“A Valentine” by Edgar Allan Poe was first presented publicly in 1846 at a literary salon. The name of Poe’s valentine was hidden in the poem. It is believed Poe met her in person while she was separated from her husband and Poe’s wife was becoming increasingly ill. Some described their relationship as a only a friendship, while others surmised more, but the couple never admitted to anything, nor did they ever wed (I’ll share Poe’s secret valentine with you at the end, if you don’t already know).
Consider making it memorable at Raven Cafe! The Poe-themed venue provides a unique literary salon with all the amenities available for celebrating “I do.”
Pastor Pat of Pastor Pat Ministries is offering a free simple wedding ceremony for up to 25 traditional or same-sex couples from 2:00 PM to 6:00 PM on Valentine’s Day, February 14th, at Raven Cafe! Couples must submit a valid Michigan marriage license and provide two adult witnesses for their ceremony. No fee is required or expected, but we’re certain Pastor Pat would appreciate a token honorarium! Visit the pastor’s website at www.pastorpat.net today!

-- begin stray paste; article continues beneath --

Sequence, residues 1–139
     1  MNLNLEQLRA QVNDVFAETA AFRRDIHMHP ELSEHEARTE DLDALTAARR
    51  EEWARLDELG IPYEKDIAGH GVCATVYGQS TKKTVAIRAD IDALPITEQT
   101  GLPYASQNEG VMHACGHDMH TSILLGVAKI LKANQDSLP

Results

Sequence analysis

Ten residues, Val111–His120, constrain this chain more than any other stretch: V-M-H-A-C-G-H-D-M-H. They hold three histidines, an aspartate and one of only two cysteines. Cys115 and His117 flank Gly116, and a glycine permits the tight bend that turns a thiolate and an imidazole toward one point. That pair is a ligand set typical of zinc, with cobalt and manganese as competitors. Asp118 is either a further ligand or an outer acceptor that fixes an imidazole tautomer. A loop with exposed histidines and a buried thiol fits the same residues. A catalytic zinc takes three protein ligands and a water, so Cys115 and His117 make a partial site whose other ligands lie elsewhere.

Now, try to uncover the truth in the infamous poem, originally titled, “To Her Whose Name Is Written Below.”
For her this rhyme is penned, whose luminous eyes,
Brightly expressive as the twins of Lœda,
Shall find her own sweet name, that, nestling lies
Upon the page, enwrapped from every reader.
Search narrowly the lines!—they hold a treasure
Divine—a talisman—an amulet
That must be worn at heart. Search well the measure—
The words—the syllables! Do not forget
The trivialest point, or you may lose your labor!
And yet there is in this no Gordian knot
Which one might not undo without a sabre,
If one could merely comprehend the plot.
Enwritten upon the leaf where now are peering
Eyes scintillating soul, there lie perdus
Three eloquent words oft uttered in the hearing
Of poets, by poets—as the name is a poet’s, too.
Its letters, although naturally lying
Like the knight Pinto—Mendez Ferdinando—
Still form a synonym for Truth.—Cease trying!
You will not read the riddle, though you do the best you can do.
The name of Poe’s valentine is revealed by taking the first letter of the first line, followed by the second letter of the second line, and on and on to the end of the poem. The resulting acrostic spells the name of American female poet, Frances Sargent Osgood.
Please be my literary valentine.
SK Mabry, Library Media Specialist, Raven Cafe